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Format: Hardcover
My mother bought this book for me about a year ago when she attended a teacher's conference in California. She heard Willard speak and decided that since I was into philosophy, that she would buy it for me. I neglected to read the book until about a month ago. Since then I have found a book that has truly brought back joy into my life as a Christian. It is so easy, in this ungodly world that we live in, to only see your Christian walk as something that only gets you into heaven and forget the fact that Jesus tought us exactly what to do while we are waiting. Willard has constructed here a work that i would place on my shelf of honor along with C.S. Lewis' Mere Christianity and Thomas A'Kempis' Imitation of Christ. This book is truly one of the classics in Christian literature. If you are a Christian already then don't let this great opportunity pass you by. This book will open your mind on how to be a direct apprentice to your King and Savior and bring untold amounts of joy into your life!
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Format: Hardcover
Dallas Willard is rightly seen as one of the finest theologians of our day. Philosopher (USC) and philologist, he is a sagacious student and teacher of Christ's invitation to immediate citizenship in The Kingdom Among Us, "the kingdom of the heavens."
"The Divine Conspiracy" may be one of the most powerful and accessible works of exegesis written in the past century. As Richard Foster has said of the book, it may, in some sense, stand with even the great works of Augustine of Hippo and Thomas Aquinas. Such praise seems too lofty until one has ventured into Willard's exposition. The book is rigorously and beautifully organized, and astonishingly broad in scope. To be sure, this has more than a little to do with Willard's logic and language skills, but mostly it is because he does such a wonderful job of examining and explaining Christ's teachings, particularly focusing on the so-call Sermon on the Mount. (After previewing Christ's manner of teaching and describing the topography of the location, Willard refers to it as The Discourse on the Hill). Willard wisely leads the reader toward the mysterious profundity of the Discourse by first explaining the serious inadequacies of the "sin management" poles of the Christian "right" (Bible-thumpin', bumper-sticker faith) and "left" (the exclusively material, social gospel). This alone is a highly important treatment, but Willard is only prefacing a journey into deeper waters. Before traveling into the Discourse, the author's significant philological insights illuminate certain poor translations of scripture and, most particularly, what rightly was (and is) meant in language concerning a God of/in "the heavens", and "the kingdom of the heavens.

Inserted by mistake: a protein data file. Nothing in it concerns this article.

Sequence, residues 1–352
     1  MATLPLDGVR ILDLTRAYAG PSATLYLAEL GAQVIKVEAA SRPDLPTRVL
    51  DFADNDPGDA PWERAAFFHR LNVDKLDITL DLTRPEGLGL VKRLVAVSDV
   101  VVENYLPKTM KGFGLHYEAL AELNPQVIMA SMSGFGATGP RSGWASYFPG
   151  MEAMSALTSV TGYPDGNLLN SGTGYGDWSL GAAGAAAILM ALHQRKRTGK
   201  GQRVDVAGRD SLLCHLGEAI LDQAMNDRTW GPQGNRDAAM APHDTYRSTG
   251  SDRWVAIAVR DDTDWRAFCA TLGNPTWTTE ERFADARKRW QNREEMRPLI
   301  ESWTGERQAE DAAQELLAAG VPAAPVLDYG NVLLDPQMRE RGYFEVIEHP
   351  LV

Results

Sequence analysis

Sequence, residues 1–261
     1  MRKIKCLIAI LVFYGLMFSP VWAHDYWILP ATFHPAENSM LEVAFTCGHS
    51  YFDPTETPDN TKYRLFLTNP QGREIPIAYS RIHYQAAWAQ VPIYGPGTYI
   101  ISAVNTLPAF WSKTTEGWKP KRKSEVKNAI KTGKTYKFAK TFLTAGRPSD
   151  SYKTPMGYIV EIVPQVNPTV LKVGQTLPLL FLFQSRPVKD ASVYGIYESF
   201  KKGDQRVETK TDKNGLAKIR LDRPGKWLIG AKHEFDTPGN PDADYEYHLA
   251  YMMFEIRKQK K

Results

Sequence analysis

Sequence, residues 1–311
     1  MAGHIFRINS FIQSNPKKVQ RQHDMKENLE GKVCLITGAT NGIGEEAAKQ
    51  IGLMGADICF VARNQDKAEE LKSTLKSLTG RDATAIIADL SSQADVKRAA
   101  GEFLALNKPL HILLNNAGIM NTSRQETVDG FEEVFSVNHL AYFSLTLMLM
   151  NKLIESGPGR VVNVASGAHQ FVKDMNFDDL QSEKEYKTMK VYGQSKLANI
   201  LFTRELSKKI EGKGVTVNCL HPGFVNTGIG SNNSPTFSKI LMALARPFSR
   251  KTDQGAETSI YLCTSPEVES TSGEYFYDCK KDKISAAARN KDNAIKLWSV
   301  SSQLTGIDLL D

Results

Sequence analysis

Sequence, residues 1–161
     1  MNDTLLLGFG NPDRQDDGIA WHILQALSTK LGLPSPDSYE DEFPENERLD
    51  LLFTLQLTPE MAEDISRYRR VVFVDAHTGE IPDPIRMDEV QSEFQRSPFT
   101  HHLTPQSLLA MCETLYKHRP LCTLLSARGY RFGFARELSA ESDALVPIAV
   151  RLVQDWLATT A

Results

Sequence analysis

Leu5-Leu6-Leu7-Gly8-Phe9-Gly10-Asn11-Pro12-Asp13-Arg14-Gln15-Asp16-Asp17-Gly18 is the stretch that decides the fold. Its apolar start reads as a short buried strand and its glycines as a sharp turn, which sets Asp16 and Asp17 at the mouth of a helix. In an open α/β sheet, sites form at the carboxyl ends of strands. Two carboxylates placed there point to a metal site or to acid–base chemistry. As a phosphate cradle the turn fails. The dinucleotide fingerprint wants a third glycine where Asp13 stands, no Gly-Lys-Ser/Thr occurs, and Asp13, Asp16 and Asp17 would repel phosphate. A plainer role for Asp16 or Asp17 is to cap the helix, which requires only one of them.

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Format: Hardcover
Why does it take the most brilliant theologians to point out the simplest truths?
Willard's main point is that if we really believe Jesus is God, why don't we believe he's smart enough to teach us a thing or two? He encourages us to enlist in an advanced course on Life and the Living Of It taught by the Son of God himself.
How simple is that?
The middle of the book is an excellent exposition of the Sermon on the Mount (here called the Discourse on the Hill) with that goal in mind. Some of it I don't buy, but most of it is truly profound, well thought-out and presented.
The end of this book is a treatise on discipleship. It divides the gospel -- and in such, the ends of discipleship, into two parts: 1. Believe that God is good, loving, and not messing up your life, and 2. Give up your old habits and learn some new ones. Basically, though he never says so, an exposition of "Repent and believe, for the Kingdom of God is near."
Who should read this book?
1. Those tired of religious fluff and warmed over sermons put in writing and published. (Willard is so much meatier. The bibliography alone is a treasure chest.)
2. Those who are studying, have studied, or want to study the Sermon on the Mount. I was leading a summer study on that passage as I was reading this, and it was immensely helpful.
3. Those who are thinking about discipling others in one form or another, but aren't sure how to go about it. The last third, while not terribly practical, lays down excellent guidelines for discipleship that will give you direction and purpose.
One more note: Willard seems to translate the Bible himself for use in his scriptural examples. The results are fantastic, strong and direct quotes. I know nothing about greek or translation, so I can't comment on their reliability, but they certainly make me wish Mr. Willard would take on a full translation. It would be fantastic.